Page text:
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The Killid Group
New stop on long road to peaceWritten by Mohammad Reza Gulkohi
Saturday, 24 December 2011 13:35
Reports of the Taleban setting up an office in Qatar has created another challenge for the government. A Killid analysis:
At the 2nd Bonn conference on Afghanistan early December the Hamid Karzai government had again insisted the initiative for peace with the Taleban must come from the Afghan government and there should be no external interference.
Minister of Foreign Affairs Zulmai Rasool said peace negotiations should be coordinated with the Afghan government. The talks could lead to success if the government is involved, the minister said. A statement issued by the President's Office said the government would have preferred to see a Taleban office in Saudi Arabia or Turkey. The office will only be for the negotiations for peace, they insisted.
Meanwhile, Jawed Ludin, the deputy minister for foreign affairs, has denied a facilitating office for talks with the Taleban has been established in Qatar. He said the government of Qatar has not "carried out enough consultation" with the Karzai government. He denied the Afghan ambassador in Doha was recalled as a sign of the government's displeasure over the opening of an office. The ambassador was called back for consultations regarding the setting up of a Taleban office, he said.
There doesn't seem to be a consistent position on the Taleban's office.
The Peace High Council has welcomed the news from Qatar. Mohammad Ismail Qasimyar, international adviser to the Council which has been charged with taking the peace process forward, in an exclusive interview with Killid has "welcomed" the development. According to him, an office in Qatar would make it more independent of control by Pakistan. Why Qatar was chosen is probably because of support from the US and Germany, which have played a key role in pushing the peace process, and since erstwhile officials in the Taleban regime have been "long-term" residents in Qatar, he Qasimyar speculated.
"The Peace High Council's wishes are that the politics of the country which opens the office for Taleban in its domain should be known. Also, the office should be established through coordination with the Afghan government and the groundwork be prepared for negotiations." In his opinion the groundwork for talks would be better prepared when there is no interference from the "host country". "As much as the process of the negotiations is free from control of the host country or external factors, the groundwork for inter-Afghani negotiation will be easier and will be more successful," said Qasimyar.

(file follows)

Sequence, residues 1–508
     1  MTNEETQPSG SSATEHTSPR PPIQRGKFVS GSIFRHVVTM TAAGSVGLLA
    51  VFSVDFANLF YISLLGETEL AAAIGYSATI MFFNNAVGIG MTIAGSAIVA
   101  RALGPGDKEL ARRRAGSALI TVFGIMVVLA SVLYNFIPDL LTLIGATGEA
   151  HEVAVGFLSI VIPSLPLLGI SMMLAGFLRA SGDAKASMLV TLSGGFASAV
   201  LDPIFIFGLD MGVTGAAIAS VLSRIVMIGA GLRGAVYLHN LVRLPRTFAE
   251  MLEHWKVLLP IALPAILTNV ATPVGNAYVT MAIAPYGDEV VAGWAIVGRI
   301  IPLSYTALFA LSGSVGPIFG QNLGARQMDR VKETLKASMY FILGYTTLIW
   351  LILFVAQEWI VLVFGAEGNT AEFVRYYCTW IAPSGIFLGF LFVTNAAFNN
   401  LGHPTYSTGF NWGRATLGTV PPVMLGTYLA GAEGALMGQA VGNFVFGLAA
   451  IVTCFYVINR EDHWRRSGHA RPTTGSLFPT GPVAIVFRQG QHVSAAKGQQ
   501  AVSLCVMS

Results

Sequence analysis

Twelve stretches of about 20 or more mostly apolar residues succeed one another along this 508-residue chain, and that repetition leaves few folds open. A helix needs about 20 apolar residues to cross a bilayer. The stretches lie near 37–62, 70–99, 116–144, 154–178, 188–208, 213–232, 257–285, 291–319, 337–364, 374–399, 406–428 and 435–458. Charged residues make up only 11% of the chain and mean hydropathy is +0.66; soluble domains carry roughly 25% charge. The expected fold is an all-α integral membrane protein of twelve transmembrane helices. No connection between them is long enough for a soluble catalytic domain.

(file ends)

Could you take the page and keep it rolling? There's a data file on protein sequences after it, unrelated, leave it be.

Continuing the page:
How effective will the office be in taking the peace process forward?
Political experts think an office for the Taleban is vital to the efforts for peace. Some of the experts believe that having a specified and known address for Taleban will have a vital role in developing peace efforts. According to Farooq Bashar, expert in political affairs, the government has been trying to start talks with the Taleban for "many years" but because of interference from "neighbouring countries" it has not succeeded.
In his opinion the Afghan government will have to ally with the international community. "Until the Afghan government has a specified strategy along with cooperation of international community, specially US, stability and peace will be impossible in Afghanistan."
His advise to the government: "Bringing peace to Afghanistan is very important. But we should have a specified strategy. Whom to speak to? How to speak? Where to speak?"
There is unanimity in the view that Pakistan's support is imperative for a peaceful end to conflict in Afghanistan. Najeeb Mahmood, lecturer at Kabul University, thinks that without Pakistan's cooperation and the support of the international community peace would not stand a chance. He thinks that the support for the Qatar office from the international community suggests there could be a consensus at the international level on the Taleban's joining the peace process. If Pakistan is not included it could ally with "extremist" groups to "sabotage" the peace efforts, he said. Among the extremist groups he counted is the Lashkar-e-Jhangvi al Almi which claimed responsibility for the attack on Shia worshippers in Kabul and Mazar-e-Sharif on Dec. 6. "Consent of Pakistan must be obtained in any kind of negotiations and regional economic agreements," he said.
However, political expert Professor Habibullah Rafee thinks it would be better to involve the Taleban because Pakistan would be looking to secure its interests in any political solution to the Afghan conflict, and that may not be necessarily to the advantage of Afghanistan.
Professor Rafee thinks the negotiations are always conducted from a shaky position. "Last year, the Afghan government sometimes was requesting Turkish help, and sometimes Qatari or Saudi to open channels with the Taleban. After the assassination of Rabbani (Burhanuddin Rabbani, former president of Afghanistan and head of the Peace Council whose death was blamed on the Taleban) the government insisted on talks with Pakistan and not Taleban." In fact, the Afghan government immediately blamed Pakistan for Rabbani's assassination, not Taleban.
"Talks with Pakistan are not useful for Afghanistan, because of Pakistan's long term goals in Afghanistan. Negotiations with Pakistan will be harmful for Afghanistan, but demands of Afghan Taliban can be used for the interest of Afghanistan," he said.
Meanwhile the Taleban has not confirmed the inauguration of an office in Qatar. Zabihullah Mujaheed, the spokesman of Taleban, has neither denied nor confirmed.